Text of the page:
Trustworthiness = (Credibility + Reliability + Intimacy) ÷ Self-Orientation.

Credibility is related to what people say: the extent to which they demonstrate knowledge and understanding about their subject, speak with conviction and make us feel confident that they are in command of their subject matter and competent in applying their expertise.

Reliability is related to what people do: the extent to which they follow through on promises, meet deadlines, deliver against targets, achieve agreed quality standards and go the extra mile to ensure that they have completed their undertakings.

Intimacy is related to the safety and security we feel in a relationship: the extent to which confidentiality is maintained, the confidence we have in opening up more personal aspects of ourselves and our emotional concerns and the belief that our values will be respected.

These are explained as additive factors, that can all be torpedoed by the denominator, Self-orientation.

Self-orientation refers to a person’s focus. In particular, whether the other person’s focus is primarily on themselves or others. 

Facilitated discussions – either face to face or online – can help teams come to understand each others’ orientations and be aware of what is driving apparent self-interest. Again, CliftonStrengths can help with this dialogue.

 

“Trust is the bedrock of any high performing team. Without trust, individuals are unable to work together effectively, take risks, or innovate.” – Lencioni

3. Shared Vision and alignment around shared Goals

High performing teams are characterized by a shared sense of purpose. Each person on the team understands how their role contributes to the broader mission. Clarity around goals and objectives, and personal alignment with these goals helps create a sense of accountability and motivation to achieve success as a team. Having space, and a language, that enables each person to interrogate the vison and goals from their own perspective adds creativity and deepens the understanding of how they can contribute to meeting the goal.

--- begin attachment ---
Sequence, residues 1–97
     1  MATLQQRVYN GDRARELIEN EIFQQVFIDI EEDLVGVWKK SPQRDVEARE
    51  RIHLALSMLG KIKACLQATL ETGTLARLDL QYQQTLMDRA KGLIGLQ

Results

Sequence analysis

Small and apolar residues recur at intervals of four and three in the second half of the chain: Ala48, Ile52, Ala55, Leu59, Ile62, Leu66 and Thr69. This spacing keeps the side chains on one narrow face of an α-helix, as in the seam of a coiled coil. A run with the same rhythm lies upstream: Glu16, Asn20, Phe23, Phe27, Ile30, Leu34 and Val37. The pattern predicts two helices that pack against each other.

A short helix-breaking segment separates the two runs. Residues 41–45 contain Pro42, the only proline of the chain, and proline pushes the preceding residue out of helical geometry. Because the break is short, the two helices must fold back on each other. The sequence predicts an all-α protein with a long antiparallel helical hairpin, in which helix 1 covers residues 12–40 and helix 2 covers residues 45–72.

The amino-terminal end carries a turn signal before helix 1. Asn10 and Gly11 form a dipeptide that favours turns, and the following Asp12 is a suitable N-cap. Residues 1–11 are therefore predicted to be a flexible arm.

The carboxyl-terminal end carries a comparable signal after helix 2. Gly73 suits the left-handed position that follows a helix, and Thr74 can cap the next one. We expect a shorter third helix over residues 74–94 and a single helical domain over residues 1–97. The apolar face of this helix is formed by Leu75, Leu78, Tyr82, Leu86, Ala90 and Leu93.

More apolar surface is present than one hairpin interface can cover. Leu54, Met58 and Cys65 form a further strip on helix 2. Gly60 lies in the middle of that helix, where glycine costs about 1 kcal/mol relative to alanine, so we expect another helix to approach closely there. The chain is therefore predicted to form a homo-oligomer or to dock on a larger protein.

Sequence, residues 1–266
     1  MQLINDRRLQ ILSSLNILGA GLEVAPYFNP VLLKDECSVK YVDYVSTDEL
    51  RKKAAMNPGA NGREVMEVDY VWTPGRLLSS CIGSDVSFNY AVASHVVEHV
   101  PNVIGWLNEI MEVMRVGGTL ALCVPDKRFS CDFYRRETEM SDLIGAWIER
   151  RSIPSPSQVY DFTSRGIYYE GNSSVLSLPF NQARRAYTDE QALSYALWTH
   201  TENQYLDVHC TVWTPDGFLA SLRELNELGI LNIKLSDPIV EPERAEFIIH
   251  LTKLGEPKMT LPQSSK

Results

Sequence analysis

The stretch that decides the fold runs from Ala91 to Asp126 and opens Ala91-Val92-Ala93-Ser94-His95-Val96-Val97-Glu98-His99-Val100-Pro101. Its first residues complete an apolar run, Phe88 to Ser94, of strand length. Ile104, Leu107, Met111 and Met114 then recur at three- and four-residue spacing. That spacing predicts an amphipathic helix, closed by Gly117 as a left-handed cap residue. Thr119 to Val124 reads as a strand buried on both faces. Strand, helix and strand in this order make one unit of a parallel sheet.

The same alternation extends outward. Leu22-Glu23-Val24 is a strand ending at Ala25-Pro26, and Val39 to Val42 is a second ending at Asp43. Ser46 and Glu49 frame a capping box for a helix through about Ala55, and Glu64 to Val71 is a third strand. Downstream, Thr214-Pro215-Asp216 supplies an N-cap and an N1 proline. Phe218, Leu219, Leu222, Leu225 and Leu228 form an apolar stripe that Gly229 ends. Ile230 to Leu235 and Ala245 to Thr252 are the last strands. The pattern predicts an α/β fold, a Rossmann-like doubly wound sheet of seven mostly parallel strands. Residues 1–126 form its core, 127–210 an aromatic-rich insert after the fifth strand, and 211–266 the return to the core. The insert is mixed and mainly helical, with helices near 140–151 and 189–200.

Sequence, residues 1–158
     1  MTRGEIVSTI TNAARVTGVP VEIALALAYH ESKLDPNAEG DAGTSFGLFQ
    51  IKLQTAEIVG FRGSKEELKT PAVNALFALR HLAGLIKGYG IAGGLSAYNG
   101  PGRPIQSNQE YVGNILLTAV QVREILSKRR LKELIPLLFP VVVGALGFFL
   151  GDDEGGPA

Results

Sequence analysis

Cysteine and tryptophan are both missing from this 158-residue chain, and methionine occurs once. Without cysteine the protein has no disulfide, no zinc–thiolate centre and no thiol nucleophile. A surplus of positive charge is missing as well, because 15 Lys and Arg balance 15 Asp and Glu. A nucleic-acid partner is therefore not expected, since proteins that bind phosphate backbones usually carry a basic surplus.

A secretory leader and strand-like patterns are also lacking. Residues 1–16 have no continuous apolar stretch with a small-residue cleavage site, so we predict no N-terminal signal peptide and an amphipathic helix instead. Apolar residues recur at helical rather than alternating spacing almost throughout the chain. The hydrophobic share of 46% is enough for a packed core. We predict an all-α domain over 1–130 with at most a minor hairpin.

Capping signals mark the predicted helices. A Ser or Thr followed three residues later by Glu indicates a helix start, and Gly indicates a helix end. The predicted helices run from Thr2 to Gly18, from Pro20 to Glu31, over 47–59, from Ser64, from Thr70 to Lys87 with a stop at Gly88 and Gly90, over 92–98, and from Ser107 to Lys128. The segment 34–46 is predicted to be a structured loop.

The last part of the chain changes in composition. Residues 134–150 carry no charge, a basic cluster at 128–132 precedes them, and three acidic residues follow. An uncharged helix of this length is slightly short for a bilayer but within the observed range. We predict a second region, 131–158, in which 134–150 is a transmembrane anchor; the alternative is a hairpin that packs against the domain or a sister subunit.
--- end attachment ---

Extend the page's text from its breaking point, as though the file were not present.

Again, CliftonStrengths, a deep understanding of all the 34 themes, helps us appreciate how we each need the others to meet these shared goals. Equally, knowing areas of the team where there may be gaps, helps focus attention on possible blind spots.

“High-performing teams are made up of individuals who are not just committed to their own success, but to the success of their teammates as well.”

– Simon Sinek

CliftonStrengths - the number one tool to choose?

So where to start? We always start with Clifton Strengths. One of the challenges all teams face is people’s past experiences where blame and suspicion, perhaps with justification, have been the default positions for many who feel let down by organisations and people in whom they have invested their trust. For some people once trust is violated it can never be reinstated. While for others, understanding more about the incident that broke our trust or caused hurt. can help heal burning resentment and fury. Using CliftonStrengths alongside other tools and insights gained through facilitated deeper discussions and analysis promotesbetter conversations that helps grow personal alignment to goals and deepening trust.